Most people think of "spring break” as a fun time. When it pertains to your garage door and it’s serious enough to sound like a gunshot, it might not make the “fun” list.
Once you have a minute to catch your breath and calm down, you start to wonder why this happened and what went wrong. You can’t see anything, but when you go to use the door, suddenly it’s not working properly and it’s making a variety of strange noises.
Upon looking up, you notice that the once intact lifting spring snapped right in two.
Did you miss something??!? How could this happen? Don’t worry, because we have everything that you need to know right here in this guide. Take a few minutes to read through the information below to learn all about why springs break and what you can do.
It’s all about the springs
Spring systems are the basis of any good garage door opener system, even if it’s just a manual door track and spring system. There are two types:
Typically, the torsion spring can be found in a steel tube, located above the door, which is attached to the wall by an anchor plate that’s designed to take the weight transfer when opening and closing the door.
If the headroom is insufficient, you may need to install this plate along the end of the horizontal track, which is known as a double-horizontal track system, sometimes also called a low-headroom installation.
Extension springs can be found on each side of the garage door, with the horizontal tracks running under them.
As the name advises, this type of spring system works by extending and coiling as the door opens and closes. These springs require the installation of proper safety cables.
The safety cable ensures that the spring that breaks does not become a dangerous projectile that causes damage to the garage, vehicles, or even injury to people.
This spring system is also a counterweight for the door’s deadweight.
In the case of a 9x7-ft. Garage door with windows, the deadweight is 135 pounds, on average.
Whether you open manually or use an electric garage door opener, you should only feel like you’re lifting 8-10 pounds.
The opener may be rated for excessive weight, but it’s only designed to replace the manual effort of opening and closing the door.
Finally, remember that if garage doors can lift this much, they can push that much, too. Keep yourself and your family members out of the path of the door that is descending.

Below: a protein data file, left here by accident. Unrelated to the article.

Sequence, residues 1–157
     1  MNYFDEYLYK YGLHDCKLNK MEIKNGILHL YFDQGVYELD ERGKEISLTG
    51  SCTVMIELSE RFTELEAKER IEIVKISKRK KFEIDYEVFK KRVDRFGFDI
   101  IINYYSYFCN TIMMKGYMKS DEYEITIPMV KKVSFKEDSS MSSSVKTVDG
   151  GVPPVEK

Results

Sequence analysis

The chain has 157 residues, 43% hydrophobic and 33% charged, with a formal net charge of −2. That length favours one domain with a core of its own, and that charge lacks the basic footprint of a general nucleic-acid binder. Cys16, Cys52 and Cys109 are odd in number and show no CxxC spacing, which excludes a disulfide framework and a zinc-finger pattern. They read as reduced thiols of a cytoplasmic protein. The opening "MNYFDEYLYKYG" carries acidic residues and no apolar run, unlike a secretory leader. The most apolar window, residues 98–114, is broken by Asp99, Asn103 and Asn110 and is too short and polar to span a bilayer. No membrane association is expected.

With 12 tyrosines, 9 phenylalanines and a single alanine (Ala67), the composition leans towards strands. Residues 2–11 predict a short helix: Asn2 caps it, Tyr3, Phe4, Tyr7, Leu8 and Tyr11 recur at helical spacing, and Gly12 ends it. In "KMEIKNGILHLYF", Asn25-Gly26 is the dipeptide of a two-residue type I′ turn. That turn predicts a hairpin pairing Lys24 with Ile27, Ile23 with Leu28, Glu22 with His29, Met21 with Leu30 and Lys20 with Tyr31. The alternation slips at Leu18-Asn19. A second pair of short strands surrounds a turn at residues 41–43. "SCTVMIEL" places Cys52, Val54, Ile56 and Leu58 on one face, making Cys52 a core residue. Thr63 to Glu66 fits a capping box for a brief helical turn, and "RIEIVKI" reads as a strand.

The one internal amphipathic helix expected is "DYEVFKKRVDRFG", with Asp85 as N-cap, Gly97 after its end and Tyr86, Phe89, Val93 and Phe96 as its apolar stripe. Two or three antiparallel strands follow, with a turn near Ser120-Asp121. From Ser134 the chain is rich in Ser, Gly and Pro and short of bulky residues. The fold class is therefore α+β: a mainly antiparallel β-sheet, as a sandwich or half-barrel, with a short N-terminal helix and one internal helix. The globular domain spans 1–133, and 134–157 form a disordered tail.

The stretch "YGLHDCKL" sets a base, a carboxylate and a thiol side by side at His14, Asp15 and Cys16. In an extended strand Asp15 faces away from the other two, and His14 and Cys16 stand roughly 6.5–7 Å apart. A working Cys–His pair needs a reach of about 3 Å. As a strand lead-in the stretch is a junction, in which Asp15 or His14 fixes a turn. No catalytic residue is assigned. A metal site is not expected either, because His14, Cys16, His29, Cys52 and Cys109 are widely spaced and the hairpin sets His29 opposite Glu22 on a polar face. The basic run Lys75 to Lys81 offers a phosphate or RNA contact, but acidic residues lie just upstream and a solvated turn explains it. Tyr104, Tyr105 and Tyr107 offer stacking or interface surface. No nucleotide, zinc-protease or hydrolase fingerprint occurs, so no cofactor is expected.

Why do springs break?
Although many things can go wrong, the typical culprits include:
1. Regular wear
All garage door springs, including torsion and extension systems alike, are expected to last for just 5-7 years.
Fortunately, the most common manufacturers provide standard 10,000-cycle spring systems. One “cycle” is one full opening and closing of the door.
That means you'll use about 1,500 cycles each year if you use the door 2-4 times a day.
In the event the door is used more than 5 times a day, consider upgrading to a 20,000-25,000 cycle system.
2. Defect in manufacturing
Torsion springs are notorious for breakage due to rust as a result of low-quality galvanization. Usually, with extension springs, the damage comes in the ring located at the end of each spring. These mistakes and defects happen, albeit not often, but could be an issue.
3. Bad calibration of springs
Sometimes, the wrong spring system will be installed with the garage door. Unfortunately, the door will still work “properly”, so it may go unnoticed that you’re putting excess stress on the entire system. Springs need to be calibrated within 5% variation, so springs and the door they are meant to hold should match in weight.
4. Environmental issues
Even garages that have some insulation and/or heating will have issues with moisture and cold air. Plus, springs are usually located near walls anyway, which exposes them to more temperature extremes and moisture.
Even with the protection of galvanized materials, some springs can still become rusty and damaged. Extreme temperatures (below -130F (-25 0C)) can result in the wire drying out and breaking.
5. Lack of maintenance
All garage doors and springs require routine maintenance. For springs, it’s usually as simple as lubrication.
Proper lubrication of metal parts twice per year will do wonders. You should lubricate once in the fall or winter and once in the spring when temperatures first go below freezing and then again when they start to rise back above freezing at night.
Boost Your Spring System’s Lifespan Easily
Lubricate Once Each Year or when needed.
It’s easy, all you need to do is use a non-drip lithium base oil. Use a cloth or spray carefully and apply it completely around the coils.
Wipe off the excess and that’s all there is to it. Lubrication keeps the springs in better shape and can help to eliminate clinking noises in springs.
After few years the lubricant might pick up some dust, you can easily wipe it off and replace the lubricant.
Check with your garage door dealer to get the lubricants you’ll need.
Who can I hire to help?
“ Garage Door Tune-up ” programs are available from your local Garaga dealer. This preventive maintenance plan will keep your door in good condition and ensure the longest lifespan for your springs. Think of it as routine maintenance similar to what you do for your car.
The springs keep aging and you’ve decided to take action?
Contact us now at 1-800-696-1926.
Whether you just need to replace your springs or you’re considering new garage doors and garage door openers, we know better than the rest what you need and how we can help. For your convenience, we also offer a quotation by email.
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